Lok Sabha elections 2019: Politically untapped, concern begins to flow
“I have seen a video of roads being washed to welcome the prime minister in Banda. Is he a ‘chowkidar’ or a ‘shahenshah’ from Delhi?” asked Priyanka at a public meeting in Bundelkhand on April 24.Updated: Apr 27, 2019 13:08 IST
A large quantity of water, allegedly used to wash roads to welcome Prime Minister Narendra Modi in Banda in the parched Bundelkhand region, has brought into focus the prevailing ‘water crisis’ that is otherwise not a major political issue in the Lok Sabha elections in Uttar Pradesh.
Water crisis is a perennial problem in Bundelkhand.
A video, purportedly showing gallons of water being used to clean roads, provided Congress general secretary Priyanka Gandhi Vadra arsenal to target the PM. She said the prime minister was indifferent to the water crisis in Bundelkhand.
“I have seen a video of roads being washed to welcome the prime minister in Banda. Is he a ‘chowkidar’ or a ‘shahenshah’ from Delhi?” asked Priyanka at a public meeting in Bundelkhand on April 24.
A day later, the PM also spoke in the region about the issue and the efforts he would make in the next five years to deal with the crisis. “It’s the turn of water now. The BJP government will be formed again once the election results are declared on May 23. We will begin working for water on mission mode. We spent past five years on ensuring power supply to all the villages. We will devote the next five years to water. A ‘Jal Shakti’ ministry will be formed. We will make efforts to add streams to the rivers of Bundelkhand,” said Modi in Banda.
This is not the first time that a political leader has brought up the water crisis.
A water train that the BJP government at the Centre proposed to send to Bundelkhand had led to a war of words between the Samajwadi Party government in the state and the BJP government at Centre in 2016.
The SP leaders had accused the Centre of indulging in petty politics over the water train that finally reached Bundelkhand region without carrying any water. Major political parties have paid lip service to the issue over the years.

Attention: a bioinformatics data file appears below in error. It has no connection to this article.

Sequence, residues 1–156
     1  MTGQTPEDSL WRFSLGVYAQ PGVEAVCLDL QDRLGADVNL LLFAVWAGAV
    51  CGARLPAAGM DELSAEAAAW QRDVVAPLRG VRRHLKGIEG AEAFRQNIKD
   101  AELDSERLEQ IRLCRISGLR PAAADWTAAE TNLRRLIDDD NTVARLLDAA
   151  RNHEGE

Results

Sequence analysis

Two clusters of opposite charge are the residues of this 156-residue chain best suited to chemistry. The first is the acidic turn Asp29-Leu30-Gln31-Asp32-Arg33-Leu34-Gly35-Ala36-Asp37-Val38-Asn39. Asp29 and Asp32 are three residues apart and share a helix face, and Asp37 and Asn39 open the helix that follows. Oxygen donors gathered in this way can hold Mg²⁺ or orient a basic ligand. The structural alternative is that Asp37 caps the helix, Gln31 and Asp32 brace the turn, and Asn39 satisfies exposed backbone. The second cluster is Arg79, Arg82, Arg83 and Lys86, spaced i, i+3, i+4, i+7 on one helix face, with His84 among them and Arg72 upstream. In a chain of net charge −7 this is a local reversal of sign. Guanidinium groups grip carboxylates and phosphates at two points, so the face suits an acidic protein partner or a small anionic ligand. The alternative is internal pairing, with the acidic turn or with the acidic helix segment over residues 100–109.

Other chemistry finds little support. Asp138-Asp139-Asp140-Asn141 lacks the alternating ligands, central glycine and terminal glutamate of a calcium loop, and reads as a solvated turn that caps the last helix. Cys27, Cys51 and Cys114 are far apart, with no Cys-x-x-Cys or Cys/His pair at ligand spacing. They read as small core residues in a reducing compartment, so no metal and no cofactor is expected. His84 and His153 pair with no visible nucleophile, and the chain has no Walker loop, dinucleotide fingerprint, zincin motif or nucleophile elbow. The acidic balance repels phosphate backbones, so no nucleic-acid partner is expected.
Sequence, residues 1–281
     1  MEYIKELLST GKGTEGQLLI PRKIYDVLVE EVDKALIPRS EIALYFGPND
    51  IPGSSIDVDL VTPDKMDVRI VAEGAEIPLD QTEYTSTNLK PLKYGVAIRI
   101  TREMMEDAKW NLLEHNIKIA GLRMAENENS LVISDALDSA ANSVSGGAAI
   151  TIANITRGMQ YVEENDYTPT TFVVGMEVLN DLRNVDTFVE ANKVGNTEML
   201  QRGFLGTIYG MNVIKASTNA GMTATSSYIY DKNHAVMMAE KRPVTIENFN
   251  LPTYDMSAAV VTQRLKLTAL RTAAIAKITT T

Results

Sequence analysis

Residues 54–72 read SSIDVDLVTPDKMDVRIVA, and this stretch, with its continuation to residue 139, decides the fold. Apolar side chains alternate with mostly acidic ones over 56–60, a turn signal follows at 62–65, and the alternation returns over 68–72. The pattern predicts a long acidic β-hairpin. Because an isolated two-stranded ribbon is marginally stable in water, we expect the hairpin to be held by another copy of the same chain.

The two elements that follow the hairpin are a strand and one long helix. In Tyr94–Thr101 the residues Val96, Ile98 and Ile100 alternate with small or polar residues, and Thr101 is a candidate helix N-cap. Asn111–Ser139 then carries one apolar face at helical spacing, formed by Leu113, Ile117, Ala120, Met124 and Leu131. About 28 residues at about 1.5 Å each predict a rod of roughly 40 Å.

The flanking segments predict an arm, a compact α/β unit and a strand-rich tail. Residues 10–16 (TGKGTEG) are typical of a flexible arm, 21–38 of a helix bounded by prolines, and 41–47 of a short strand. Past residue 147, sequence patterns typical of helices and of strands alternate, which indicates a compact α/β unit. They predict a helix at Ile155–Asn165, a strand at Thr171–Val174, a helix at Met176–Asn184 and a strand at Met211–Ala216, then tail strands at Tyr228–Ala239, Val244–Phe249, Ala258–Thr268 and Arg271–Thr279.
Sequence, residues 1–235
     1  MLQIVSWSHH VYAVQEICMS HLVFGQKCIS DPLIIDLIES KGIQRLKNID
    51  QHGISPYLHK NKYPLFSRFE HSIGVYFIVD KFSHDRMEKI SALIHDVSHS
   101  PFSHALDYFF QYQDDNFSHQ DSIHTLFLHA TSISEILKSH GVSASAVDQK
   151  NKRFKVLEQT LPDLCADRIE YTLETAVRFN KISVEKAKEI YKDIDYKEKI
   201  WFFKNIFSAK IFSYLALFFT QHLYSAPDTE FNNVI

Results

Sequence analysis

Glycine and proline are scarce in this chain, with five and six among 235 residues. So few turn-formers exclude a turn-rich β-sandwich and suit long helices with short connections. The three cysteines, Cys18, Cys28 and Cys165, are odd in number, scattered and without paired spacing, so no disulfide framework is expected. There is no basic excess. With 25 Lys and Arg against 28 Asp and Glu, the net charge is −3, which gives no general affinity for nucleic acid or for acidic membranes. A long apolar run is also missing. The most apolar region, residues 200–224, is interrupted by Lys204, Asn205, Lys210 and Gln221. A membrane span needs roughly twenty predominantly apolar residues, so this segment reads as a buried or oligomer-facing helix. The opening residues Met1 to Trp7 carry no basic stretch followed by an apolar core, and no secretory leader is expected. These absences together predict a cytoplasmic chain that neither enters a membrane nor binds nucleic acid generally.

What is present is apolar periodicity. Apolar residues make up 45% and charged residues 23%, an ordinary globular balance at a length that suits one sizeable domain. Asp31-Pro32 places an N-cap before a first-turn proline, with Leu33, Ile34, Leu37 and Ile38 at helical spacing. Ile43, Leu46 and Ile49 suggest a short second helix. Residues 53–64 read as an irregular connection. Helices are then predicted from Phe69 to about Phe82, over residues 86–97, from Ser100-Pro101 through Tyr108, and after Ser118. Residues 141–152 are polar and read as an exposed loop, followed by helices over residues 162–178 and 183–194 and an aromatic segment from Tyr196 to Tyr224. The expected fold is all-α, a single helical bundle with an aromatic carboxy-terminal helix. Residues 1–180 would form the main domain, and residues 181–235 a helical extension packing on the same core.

The BJP’s election manifesto incorporates commitments to increase irrigation facilities for farmers and promises formation of a new Jal Shakti ministry and launching of a Jal Jivan Mission to provide piped water supply to every household. The Congress’s manifesto promises universal access to potable drinking water, review the national drinking water mission and create a ministry of water to bring all water related activities and departments under one authority.
Although major political parties have dealt with the issue of water one way or the other, their efforts have failed to satisfy the environmentalists.
“Successive governments have formulated policies for water markets and benefited the contractors. Public health engineering water supply systems have failed. About 60% of the population does not get clean water and 17 states are facing a water crisis in 2019,” said Rajendra Singh, a noted environmentalist and water conservationist, who is also known as the Waterman of India. The people’s manifesto brought out by him too has noted, “All political parties are only interested in getting hold of power. No political party has given any attention to the issues of water, environment and climate change. They have only superficially touched the issues. The willpower to find permanent solutions to the problem seems to be lacking.”
As ground water levels continued to deplete over the years, the Akhilesh Yadav government had banned digging of new tube wells in blocks facing overexploitation of water. After installation of Yogi Adityanath government, the issue was considered afresh and new tube wells were allowed.
“Yes, the Samajwadi Party government decided not to allow tube wells in blocks identified due to overexploitation of water. This (BJP) government, however, allowed it and the decision may further worsen the crisis,” said Singh. A new assessment report about the ground water levels is being prepared on the basis of data collected in 2017. For now, the state government is relying only on the assessment report of 2013 that had classified 820 development blocks of state as as overexploited, critical, semi critical and safe. A close scrutiny of the assessment report indicates increasing dependence on groundwater resources. The report reveals that the state water exploitation rate was 54.31% in 2000. In 2009, it was estimated at 72.16% and increased to 73.65% in 2011 and 73.78% in 2013.
Major political parties, however, have defended efforts being made by them to deal with the water crisis.
“We are concerned about water and environment. Samajwadi Party chief Akhilesh Yadav is an environment engineer. All these issues will remain on top of his priority list even after Lok Sabha elections,” said SP spokesman Rajendra Chaudhary.